President Obama's Recess Appointments Defy our System of Checks and Balances
January 09, 2012
On January 4, 2012, President Obama announced a recess appointment of Richard Cordray to run the Consumer Financial Protection Bureau. Additionally, the President announced recess appointments to install Sharon Block, Richard Griffin and Terence Flynn as National Labor Relations Board members. Block and Griffin are Democrats, while Flynn is a Republican. Interestingly, the first of these series of appointments was announced at a campaign rally for the President’s reelection campaign in the swing state of Ohio. Cordray was a Democrat Attorney General of the State. What makes these appointments all the more noteworthy is that the Senate was not in recess, making the these appointments highly questionable.
A recent non-partisan Congressional Research Service report found that:
Under the Constitution (Article II, §2, clause 2), the President and the Senate share the power to make appointments to high-level policy-making positions in federal departments, agencies, boards, and commissions. Generally, the President nominates individuals to these positions, and the Senate must confirm them before he can appoint them to office. The Constitution also provides an exception to this process. When the Senate is in recess, the President may make a temporary appointment, called a recess appointment, to any such position without Senate approval (Article II, §2, clause 3).
The Constitution is not specific on the length of time the Senate must be in recess before the President can make a recess appointment. A Department of Justice brief in 1993 implied that the President may make a recess appointment after the Senate is in recess for three or more days. The brief associated the minimum recess length with Article I, Section 5 of the U.S. Constitution. This “Adjournments Clause” states that “Neither House, during the Session of Congress, shall, without the Consent of the other, adjourn for more than three days ....”
However, the sticking point is the separated powers that our founding fathers devised when they wrote the Constitution. Each branch is responsible for its own functions. They also explicitly wrote that each of the bodies of Congress decide their own rules. This means that only the Senate states when it is in and out of session – not the President.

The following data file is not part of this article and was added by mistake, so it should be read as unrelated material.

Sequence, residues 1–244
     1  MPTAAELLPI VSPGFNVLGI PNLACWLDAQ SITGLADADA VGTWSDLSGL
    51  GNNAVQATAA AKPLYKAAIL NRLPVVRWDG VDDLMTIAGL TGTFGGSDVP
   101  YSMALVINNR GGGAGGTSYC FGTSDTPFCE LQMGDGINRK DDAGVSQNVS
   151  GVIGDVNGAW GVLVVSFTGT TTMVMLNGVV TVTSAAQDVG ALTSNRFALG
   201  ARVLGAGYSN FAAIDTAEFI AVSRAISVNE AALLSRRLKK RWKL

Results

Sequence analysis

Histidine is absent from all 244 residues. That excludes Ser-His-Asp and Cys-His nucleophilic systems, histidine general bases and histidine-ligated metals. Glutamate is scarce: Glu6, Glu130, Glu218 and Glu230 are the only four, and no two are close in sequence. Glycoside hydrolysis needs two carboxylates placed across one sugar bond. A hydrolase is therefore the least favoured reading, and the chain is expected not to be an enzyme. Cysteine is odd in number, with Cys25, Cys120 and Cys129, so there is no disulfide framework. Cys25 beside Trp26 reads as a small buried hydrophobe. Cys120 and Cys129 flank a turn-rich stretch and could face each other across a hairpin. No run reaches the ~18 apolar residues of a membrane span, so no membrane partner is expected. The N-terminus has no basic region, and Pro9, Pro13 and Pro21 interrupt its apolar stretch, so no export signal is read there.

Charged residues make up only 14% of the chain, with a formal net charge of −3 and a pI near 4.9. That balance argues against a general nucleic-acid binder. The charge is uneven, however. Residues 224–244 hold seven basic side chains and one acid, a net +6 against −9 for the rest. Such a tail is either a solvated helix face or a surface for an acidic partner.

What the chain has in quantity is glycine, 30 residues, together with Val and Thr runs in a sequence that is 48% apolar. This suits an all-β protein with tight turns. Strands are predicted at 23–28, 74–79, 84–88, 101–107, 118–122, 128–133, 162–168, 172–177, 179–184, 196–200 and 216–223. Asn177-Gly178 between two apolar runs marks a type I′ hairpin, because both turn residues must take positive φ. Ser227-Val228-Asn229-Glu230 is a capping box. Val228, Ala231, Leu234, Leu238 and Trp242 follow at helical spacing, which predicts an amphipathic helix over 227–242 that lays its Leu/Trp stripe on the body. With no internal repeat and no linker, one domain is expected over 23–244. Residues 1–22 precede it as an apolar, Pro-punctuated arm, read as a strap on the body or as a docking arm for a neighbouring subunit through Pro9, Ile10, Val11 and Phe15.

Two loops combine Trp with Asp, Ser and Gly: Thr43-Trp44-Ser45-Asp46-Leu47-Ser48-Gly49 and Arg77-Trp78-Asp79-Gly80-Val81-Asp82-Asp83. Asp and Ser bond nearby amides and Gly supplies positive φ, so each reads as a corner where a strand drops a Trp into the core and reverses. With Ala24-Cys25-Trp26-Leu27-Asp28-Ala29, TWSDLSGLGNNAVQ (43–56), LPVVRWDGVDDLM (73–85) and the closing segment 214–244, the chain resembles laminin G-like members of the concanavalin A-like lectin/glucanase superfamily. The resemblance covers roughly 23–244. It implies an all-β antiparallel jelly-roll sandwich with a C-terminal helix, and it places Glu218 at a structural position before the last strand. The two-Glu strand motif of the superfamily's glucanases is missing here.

To place in historical perspective, President Bill Clinton made 139 recess appointments and President George W. Bush made 171 recess appoints. Prior to these recent appointments, President Obama has made 28 recess appointments. However, not one of these recess appointments was done in the manner of President Obama’s appointments on January 4, 2012.
With this unprecedented exercise of power, will the President now consider any moment the Senate is not actively debating a bill on the floor as a time they are out of session? Could appointments now come moments before the Senate gavels open each day, in the middle of the night, or on the weekends? These appointments are nothing more than a power grab to rally the President’s base prior to an election.
However, it is being done in the face of our founding fathers, our governing Constitution, and the rule of law of this nation. CaptiolWatch urges our Senators and Representatives to promptly take up this matter and give it its due investigation. This is not a question of either a Democrat or Republican President’s attempts to fill out their agencies, but whether this nation will have a series of checks and balances ever again.